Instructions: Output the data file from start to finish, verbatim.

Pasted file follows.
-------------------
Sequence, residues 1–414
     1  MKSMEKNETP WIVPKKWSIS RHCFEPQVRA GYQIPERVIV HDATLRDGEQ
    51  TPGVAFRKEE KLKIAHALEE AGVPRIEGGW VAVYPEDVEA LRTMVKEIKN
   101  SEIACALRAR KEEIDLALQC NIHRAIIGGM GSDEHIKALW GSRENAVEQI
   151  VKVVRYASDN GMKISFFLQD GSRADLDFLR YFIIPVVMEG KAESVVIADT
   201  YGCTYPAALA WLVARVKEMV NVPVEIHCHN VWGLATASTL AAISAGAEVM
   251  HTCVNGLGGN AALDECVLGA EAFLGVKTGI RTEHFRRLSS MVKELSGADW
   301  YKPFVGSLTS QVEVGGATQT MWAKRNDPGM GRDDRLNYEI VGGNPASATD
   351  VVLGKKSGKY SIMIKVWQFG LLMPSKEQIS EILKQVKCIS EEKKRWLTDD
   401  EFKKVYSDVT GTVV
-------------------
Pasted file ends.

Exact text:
Sequence, residues 1–414
     1  MKSMEKNETP WIVPKKWSIS RHCFEPQVRA GYQIPERVIV HDATLRDGEQ
    51  TPGVAFRKEE KLKIAHALEE AGVPRIEGGW VAVYPEDVEA LRTMVKEIKN
   101  SEIACALRAR KEEIDLALQC NIHRAIIGGM GSDEHIKALW GSRENAVEQI
   151  VKVVRYASDN GMKISFFLQD GSRADLDFLR YFIIPVVMEG KAESVVIADT
   201  YGCTYPAALA WLVARVKEMV NVPVEIHCHN VWGLATASTL AAISAGAEVM
   251  HTCVNGLGGN AALDECVLGA EAFLGVKTGI RTEHFRRLSS MVKELSGADW
   301  YKPFVGSLTS QVEVGGATQT MWAKRNDPGM GRDDRLNYEI VGGNPASATD
   351  VVLGKKSGKY SIMIKVWQFG LLMPSKEQIS EILKQVKCIS EEKKRWLTDD
   401  EFKKVYSDVT GTVV